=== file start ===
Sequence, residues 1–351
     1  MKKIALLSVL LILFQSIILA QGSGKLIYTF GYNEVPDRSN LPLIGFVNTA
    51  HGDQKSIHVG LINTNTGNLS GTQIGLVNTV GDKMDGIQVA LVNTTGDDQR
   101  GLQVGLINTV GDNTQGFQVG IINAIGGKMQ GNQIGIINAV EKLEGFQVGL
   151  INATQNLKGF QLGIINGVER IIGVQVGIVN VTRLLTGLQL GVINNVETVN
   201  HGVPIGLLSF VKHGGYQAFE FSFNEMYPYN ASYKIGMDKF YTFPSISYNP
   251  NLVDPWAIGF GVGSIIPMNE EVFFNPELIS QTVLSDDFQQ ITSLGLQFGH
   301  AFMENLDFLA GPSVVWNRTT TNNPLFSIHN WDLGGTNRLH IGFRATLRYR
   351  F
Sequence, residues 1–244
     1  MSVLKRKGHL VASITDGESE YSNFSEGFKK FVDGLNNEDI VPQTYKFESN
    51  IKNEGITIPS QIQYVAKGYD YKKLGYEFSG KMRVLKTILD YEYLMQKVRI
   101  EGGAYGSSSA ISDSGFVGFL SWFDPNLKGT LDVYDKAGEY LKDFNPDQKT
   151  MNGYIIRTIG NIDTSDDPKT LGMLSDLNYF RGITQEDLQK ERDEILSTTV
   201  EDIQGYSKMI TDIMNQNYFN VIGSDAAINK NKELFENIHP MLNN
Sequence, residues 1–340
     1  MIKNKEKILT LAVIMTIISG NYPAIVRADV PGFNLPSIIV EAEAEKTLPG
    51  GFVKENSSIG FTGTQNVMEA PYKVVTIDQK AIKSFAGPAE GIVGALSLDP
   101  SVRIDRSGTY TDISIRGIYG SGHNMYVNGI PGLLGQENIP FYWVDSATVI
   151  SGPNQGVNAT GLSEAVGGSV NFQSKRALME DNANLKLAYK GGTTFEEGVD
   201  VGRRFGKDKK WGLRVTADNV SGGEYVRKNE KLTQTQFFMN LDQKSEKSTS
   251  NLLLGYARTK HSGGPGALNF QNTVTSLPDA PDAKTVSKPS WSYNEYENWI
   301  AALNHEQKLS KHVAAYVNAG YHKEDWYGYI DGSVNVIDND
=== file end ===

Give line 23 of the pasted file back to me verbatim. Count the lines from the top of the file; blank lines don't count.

   301  AALNHEQKLS KHVAAYVNAG YHKEDWYGYI DGSVNVIDND